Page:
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IATROGENIC: induced inadvertently by a physician or his treatment plan. There is a
long history of suggestions that medical treatments and/or prescribed medications
cause Peyronies. It is interesting to look at some of the articles that suggest medical
treatment may contribute to the development of our condition. My commentary is in
italics.

In the Journal of the Royal College of General Practitioners (August 1982), Drs.
Owen, Williams and Rees state that Peyronies is associated with hypertension and
atherosclerosis. Another common factor is the use of beta-blocker medications. The
authors provide 3 case histories of men who developed Peyronies after undergoing
medical treatment with beta blockers.

The winter 2000 publication of the James Buchanan Brady Urological Institute,
Johns Hopkins Medical Center contained an article suggesting a strong positive
correlation between radical prostatectomy for prostate cancer and the development
of Peyronies. The author, Dr. Jonathan P Jarrow, states that only 26 out of 100,000
men are diagnosed with Peyronies each year and it is “wear and tear” condition. In
their study, 3 out of 64 radical prostatectomy patients developed Peyronies after
surgery. This is a 1,000 fold increase as compared to the previous numbers (26/100,
000).

Dr. Danny R. Westmoreland is a Mason County, West Virginia physician who went
to a urologist for removal of a stent from his urethra. During the procedure,
Westmoreland maintains that he experienced pain and repeatedly told the urologist
to stop. The procedure which should have only taken 15 seconds, lasted 15-20
minutes. After the procedure, he developed a variety of aliments, including
Peyronies disease. In an interesting twist of logic, Dr. Westmoreland alleges that his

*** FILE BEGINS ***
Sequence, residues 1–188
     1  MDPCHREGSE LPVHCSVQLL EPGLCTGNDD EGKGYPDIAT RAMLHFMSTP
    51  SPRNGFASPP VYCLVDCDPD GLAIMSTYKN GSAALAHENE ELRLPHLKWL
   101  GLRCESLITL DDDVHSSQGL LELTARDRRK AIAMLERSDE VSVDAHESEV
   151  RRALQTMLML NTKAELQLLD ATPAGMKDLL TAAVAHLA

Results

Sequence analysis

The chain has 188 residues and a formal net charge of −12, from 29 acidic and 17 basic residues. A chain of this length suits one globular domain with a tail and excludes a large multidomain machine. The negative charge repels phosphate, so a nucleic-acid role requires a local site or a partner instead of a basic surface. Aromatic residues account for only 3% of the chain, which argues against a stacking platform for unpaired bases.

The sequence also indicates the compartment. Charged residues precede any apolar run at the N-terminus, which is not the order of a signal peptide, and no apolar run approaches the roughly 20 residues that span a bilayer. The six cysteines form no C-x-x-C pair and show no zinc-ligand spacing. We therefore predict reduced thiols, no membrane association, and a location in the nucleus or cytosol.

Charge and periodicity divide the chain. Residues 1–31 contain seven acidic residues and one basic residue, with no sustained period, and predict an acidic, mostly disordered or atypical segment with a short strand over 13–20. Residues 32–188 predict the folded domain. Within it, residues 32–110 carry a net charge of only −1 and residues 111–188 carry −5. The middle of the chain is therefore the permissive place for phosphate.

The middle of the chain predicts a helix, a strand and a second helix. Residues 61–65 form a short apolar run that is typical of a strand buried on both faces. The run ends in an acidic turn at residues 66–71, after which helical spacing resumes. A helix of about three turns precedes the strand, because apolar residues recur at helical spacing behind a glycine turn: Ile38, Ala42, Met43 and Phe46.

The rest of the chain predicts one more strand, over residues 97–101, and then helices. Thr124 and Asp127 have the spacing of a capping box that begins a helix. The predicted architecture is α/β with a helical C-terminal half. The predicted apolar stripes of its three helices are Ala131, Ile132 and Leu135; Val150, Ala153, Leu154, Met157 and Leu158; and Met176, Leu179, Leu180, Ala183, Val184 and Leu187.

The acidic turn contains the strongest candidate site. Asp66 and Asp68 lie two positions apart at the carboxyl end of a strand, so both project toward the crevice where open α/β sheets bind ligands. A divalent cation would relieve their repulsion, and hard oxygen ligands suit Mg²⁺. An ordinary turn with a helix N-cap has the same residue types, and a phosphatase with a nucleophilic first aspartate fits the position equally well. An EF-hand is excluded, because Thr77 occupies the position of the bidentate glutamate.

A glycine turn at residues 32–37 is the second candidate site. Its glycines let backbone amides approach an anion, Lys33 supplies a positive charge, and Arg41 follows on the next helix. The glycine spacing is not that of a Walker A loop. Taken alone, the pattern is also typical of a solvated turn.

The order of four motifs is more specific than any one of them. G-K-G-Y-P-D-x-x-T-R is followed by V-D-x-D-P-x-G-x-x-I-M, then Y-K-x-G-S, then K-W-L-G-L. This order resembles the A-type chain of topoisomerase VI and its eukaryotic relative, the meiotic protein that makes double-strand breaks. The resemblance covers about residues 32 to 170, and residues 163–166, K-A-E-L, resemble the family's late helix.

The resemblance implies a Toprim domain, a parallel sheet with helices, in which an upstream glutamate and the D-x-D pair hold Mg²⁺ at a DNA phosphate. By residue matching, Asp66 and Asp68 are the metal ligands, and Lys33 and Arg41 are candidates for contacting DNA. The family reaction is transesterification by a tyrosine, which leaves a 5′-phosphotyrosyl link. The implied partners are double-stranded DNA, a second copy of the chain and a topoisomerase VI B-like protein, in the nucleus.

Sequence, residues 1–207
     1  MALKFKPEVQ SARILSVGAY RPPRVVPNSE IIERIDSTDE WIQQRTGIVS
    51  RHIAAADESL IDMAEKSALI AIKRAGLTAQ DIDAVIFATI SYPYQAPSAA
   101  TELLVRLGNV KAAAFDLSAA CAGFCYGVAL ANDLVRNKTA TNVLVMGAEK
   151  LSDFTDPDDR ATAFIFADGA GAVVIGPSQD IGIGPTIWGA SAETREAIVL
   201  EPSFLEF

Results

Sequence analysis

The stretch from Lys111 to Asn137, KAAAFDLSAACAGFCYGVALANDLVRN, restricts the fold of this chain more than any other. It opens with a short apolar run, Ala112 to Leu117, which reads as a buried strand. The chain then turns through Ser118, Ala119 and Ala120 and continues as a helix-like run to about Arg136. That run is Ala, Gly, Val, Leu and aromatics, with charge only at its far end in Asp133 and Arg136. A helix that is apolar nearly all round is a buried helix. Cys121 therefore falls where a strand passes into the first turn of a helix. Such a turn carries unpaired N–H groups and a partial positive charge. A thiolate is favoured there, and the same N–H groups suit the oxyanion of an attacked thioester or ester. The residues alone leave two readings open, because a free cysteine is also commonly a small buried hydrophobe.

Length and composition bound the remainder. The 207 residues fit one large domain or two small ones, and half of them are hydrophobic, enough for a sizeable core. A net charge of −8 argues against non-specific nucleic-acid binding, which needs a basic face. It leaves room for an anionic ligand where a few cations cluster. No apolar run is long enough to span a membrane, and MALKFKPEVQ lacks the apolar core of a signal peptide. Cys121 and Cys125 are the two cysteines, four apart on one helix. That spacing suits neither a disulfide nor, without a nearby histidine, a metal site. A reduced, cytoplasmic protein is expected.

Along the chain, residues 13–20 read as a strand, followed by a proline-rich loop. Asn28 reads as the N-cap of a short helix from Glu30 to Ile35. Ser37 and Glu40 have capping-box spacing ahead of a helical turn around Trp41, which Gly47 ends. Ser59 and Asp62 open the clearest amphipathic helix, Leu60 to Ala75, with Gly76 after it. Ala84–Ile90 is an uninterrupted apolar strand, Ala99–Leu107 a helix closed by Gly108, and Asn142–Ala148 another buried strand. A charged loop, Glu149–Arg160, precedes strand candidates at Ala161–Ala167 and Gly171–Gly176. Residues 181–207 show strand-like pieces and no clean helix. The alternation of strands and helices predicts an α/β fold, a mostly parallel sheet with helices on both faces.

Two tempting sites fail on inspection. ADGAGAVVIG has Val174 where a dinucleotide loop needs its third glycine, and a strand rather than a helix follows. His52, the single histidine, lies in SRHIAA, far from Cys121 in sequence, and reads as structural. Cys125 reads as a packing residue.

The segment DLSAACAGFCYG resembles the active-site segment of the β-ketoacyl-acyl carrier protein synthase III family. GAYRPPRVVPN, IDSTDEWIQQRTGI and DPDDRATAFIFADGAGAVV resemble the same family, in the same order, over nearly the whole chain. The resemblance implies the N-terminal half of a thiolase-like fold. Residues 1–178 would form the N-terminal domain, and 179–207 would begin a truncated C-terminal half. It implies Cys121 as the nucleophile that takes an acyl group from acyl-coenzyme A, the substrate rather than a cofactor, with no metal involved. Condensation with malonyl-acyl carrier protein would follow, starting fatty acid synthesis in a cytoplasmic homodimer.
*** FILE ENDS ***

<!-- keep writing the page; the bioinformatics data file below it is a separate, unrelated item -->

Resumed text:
urologist committed rape by not removing the scope when asked. Another individual
saw this doctor for his long standing Peyronies disease and agreed to have
corrective surgery. Unfortunately, postoperatively the patient still had Peyronies and
pain. The urologist said this was due previously undiscovered plaque. Both
individuals have sued him and the outcome is still pending.

Unfortunately, virtually every aspect of Peyronies is still a mystery.  These stories
highlight our dilemma. No one knows what really knows causes it. Dr. Jarrow’s
statistic of 26 out of 100,000 seems very low and I would like to know the origin of
these numbers. Everything I read shows a higher incidence. Wear and tear is an
unusual descriptive term for the condition. The last time I heard that phrase I was
trying to get warranty service for my automobile brakes. The numbers involved in
the survey are so small that I have to wonder if they have any meaning or they can
be chalked up to coincidence. The story out of West Virginia is frightening. If a
physician (Dr. Westmoreland) does not know how to select a urologist to treat this
condition where does that leave the rest of us. My only advice is that before being
treated make sure your physician has significant experience in treating this
ailment. I can remember my first experience. When I went to a urologist, he said
that he treats mainly prostate cancer and sees Peyronies patients once in a while.
Don’t let someone like this treat you. Finally, I have been taking beta blockers for
many years before developing Peyronies. The first article suggests a connection,
but no solid proof.

If any reader has developed Peyronies after medical treatment, please share your
story with the rest of us.